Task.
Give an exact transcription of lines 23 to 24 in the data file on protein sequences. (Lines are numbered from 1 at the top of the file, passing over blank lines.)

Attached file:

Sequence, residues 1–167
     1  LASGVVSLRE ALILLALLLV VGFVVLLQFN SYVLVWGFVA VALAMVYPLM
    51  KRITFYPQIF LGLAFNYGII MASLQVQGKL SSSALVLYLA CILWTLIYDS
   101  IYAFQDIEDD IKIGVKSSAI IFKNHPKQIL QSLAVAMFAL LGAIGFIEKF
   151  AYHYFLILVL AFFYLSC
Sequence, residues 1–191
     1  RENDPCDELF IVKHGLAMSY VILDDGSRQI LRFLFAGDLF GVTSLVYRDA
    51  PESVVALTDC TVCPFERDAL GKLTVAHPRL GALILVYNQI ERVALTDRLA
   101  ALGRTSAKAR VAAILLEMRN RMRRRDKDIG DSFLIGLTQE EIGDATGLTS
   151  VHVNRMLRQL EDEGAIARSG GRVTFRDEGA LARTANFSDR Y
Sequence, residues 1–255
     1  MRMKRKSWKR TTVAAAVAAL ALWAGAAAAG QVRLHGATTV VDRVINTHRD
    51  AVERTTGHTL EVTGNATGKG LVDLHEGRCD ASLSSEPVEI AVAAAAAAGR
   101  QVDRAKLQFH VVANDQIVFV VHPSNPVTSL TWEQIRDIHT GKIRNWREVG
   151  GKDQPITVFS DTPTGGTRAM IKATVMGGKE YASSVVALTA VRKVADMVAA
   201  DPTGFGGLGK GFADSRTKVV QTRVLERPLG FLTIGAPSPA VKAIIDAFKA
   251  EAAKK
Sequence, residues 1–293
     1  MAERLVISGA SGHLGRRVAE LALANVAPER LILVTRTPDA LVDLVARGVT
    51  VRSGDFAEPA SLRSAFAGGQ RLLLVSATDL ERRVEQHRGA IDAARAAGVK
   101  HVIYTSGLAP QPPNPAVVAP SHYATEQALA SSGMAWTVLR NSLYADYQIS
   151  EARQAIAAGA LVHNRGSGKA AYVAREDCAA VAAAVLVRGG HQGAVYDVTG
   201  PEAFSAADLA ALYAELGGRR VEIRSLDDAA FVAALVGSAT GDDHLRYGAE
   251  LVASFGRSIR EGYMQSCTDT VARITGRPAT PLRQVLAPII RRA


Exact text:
   201  PEAFSAADLA ALYAELGGRR VEIRSLDDAA FVAALVGSAT GDDHLRYGAE
   251  LVASFGRSIR EGYMQSCTDT VARITGRPAT PLRQVLAPII RRA